Use of teledermatology workflows — that is, a dermatoscopic-fitted digital camera, a picture archiving and communication system, and image retrieval to a large, high-resolution computer monitor — is associated with excellent detection of skin cancer, fewer visits to a dermatology clinic, and reduced wait times, according to study results published in the Journal of the American Academy of Dermatology.
The investigators sought to compare the risks for biopsy and skin cancer diagnosis among 2 face-to-face workflows — direct referral and roving dermatologist — and 4 teledermatology workflows. A retrospective cohort was conducted at Kaiser Permanente Northern California.
Outcomes of the study included the probabilities of biopsy, cancer diagnosis, and a dermatology visit that did not result in a skin cancer diagnosis. Per the null hypothesis, the risks for outcomes were the same for each of the 4 teledermatology workflows and the 2 face-to-face workflows, with this knowledge being important for optimizing implementation of teledermatology.
A total of 59,279 health plan members age 18 to 89 years who had a primary care provider (PCP) encounter for a skin lesion (alone or with a rash) between January and June 2017 were identified. PCP encounters comprised both face-to-face visits and patient portal messages. Each patient was counted only 1 time, and the date of visit to the PCP or the date of upload to the patient portal was defined as the date of entry into the study. Of the total participants, 25,041 received teledermatology encounter, 21,911 had a direct referral to dermatology, and 12,327 had a referral to a roving dermatologist. Overall, one-third of the participants were ≥65 years of age, 57% were women, 26% were nonwhite, and 9% had a history of skin cancer.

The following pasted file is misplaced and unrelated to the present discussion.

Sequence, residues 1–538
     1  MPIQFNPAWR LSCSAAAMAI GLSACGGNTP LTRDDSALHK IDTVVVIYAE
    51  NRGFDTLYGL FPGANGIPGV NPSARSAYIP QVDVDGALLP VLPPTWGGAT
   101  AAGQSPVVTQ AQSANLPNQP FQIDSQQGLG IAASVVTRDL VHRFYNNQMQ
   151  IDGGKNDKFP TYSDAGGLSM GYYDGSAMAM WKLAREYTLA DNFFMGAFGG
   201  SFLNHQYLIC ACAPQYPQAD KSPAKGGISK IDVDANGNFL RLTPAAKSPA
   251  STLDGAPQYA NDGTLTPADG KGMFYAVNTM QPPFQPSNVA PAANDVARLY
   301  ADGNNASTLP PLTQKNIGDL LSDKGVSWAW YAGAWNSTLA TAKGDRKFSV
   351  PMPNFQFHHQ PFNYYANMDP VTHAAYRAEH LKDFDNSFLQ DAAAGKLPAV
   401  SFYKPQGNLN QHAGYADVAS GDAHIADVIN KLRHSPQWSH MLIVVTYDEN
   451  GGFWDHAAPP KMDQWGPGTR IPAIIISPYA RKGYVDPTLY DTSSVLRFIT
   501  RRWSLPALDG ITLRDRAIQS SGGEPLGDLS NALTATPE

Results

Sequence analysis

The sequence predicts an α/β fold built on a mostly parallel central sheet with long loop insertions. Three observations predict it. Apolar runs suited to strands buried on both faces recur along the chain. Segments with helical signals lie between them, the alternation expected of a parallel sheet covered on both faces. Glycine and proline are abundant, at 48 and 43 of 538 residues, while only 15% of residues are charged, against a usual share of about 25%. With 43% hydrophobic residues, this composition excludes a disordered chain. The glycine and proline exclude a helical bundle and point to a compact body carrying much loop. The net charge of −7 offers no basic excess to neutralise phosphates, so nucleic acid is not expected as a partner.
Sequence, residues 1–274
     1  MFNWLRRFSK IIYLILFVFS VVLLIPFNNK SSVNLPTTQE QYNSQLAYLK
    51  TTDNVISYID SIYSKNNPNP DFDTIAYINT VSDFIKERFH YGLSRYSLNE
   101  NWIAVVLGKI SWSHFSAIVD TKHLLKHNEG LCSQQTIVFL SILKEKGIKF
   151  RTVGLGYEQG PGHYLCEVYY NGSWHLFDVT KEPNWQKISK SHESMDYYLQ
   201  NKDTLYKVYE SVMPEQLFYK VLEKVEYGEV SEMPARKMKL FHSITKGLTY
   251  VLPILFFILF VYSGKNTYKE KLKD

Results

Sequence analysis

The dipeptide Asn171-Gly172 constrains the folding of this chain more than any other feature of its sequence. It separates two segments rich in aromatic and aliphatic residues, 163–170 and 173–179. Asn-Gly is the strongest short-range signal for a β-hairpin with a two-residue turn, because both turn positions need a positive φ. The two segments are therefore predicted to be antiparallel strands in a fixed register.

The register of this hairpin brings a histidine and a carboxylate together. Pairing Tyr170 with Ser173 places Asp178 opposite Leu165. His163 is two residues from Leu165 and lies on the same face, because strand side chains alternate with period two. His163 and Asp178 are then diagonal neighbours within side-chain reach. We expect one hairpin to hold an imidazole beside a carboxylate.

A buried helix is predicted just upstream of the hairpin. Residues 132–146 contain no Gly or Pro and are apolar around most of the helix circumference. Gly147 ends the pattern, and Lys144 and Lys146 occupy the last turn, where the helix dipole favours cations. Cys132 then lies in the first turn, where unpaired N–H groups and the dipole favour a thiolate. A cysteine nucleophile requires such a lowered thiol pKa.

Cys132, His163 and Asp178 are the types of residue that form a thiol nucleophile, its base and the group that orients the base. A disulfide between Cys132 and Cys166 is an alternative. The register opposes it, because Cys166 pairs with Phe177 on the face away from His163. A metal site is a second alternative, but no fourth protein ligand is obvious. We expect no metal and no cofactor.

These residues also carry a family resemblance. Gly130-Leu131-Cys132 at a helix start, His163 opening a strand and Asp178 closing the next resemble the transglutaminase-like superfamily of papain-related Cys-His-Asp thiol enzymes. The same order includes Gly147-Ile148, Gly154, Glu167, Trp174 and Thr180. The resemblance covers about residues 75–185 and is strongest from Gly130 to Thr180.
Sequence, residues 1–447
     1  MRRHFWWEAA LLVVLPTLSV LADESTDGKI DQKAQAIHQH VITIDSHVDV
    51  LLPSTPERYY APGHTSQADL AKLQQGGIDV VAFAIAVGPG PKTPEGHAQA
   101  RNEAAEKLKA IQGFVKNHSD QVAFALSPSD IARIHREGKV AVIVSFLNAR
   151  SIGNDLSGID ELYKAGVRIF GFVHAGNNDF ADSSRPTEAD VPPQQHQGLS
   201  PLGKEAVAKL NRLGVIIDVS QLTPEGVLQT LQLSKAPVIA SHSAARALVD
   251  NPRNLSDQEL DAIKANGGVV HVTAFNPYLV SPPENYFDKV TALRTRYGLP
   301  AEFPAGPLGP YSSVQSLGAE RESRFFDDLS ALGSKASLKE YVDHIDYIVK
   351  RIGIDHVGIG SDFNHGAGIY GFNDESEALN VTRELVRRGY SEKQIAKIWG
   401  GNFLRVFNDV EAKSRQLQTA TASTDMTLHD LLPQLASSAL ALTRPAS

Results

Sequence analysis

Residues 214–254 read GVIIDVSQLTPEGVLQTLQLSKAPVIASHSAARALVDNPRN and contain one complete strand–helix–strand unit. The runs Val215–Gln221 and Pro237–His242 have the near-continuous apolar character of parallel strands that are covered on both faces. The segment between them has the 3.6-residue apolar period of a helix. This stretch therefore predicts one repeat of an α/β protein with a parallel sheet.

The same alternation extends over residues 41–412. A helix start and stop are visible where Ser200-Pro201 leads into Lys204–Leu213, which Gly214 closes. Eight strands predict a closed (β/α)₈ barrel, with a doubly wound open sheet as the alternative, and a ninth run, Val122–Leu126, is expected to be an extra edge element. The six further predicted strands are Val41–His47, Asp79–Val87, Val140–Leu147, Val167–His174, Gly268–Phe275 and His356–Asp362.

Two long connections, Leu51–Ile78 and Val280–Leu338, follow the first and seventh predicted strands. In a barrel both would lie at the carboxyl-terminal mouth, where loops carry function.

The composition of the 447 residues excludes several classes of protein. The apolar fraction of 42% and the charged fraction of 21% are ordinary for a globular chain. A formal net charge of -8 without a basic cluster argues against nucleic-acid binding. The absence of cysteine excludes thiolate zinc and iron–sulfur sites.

Compared with direct referral, the teledermatology workflow was associated with a 9% greater likelihood of cancer detection (95% CI, 2%-16%), 4% lower probability of biopsy (relative risk, 0.96; 95% CI, 0.93-0.99), and 39% fewer face-to-face visits (relative risk, 0.61; 95% CI, 0.57-0.65). Other workflows were shown to be less effective.
A major limitation of the study is the fact that differing proficiencies across teledermatology workflows and selection of patients for direct referral could have resulted in bias. The investigators concluded that implementation is key to the effectiveness of teledermatology. They intend to support further adoption of dermoscopy, to increase training and thus help improve image quality, and to enhance consideration of the value linked to viewing images on a larger computer monitor.
Marwaha S, Fevrier HB, Alexeeff SE, et al. Comparative effectiveness study of face-to-face and teledermatology workflows for diagnosing skin cancer [published online February 1, 2019]. J Am Acad Dermatol. doi: 10.1016/j.jaad.2019.01.067.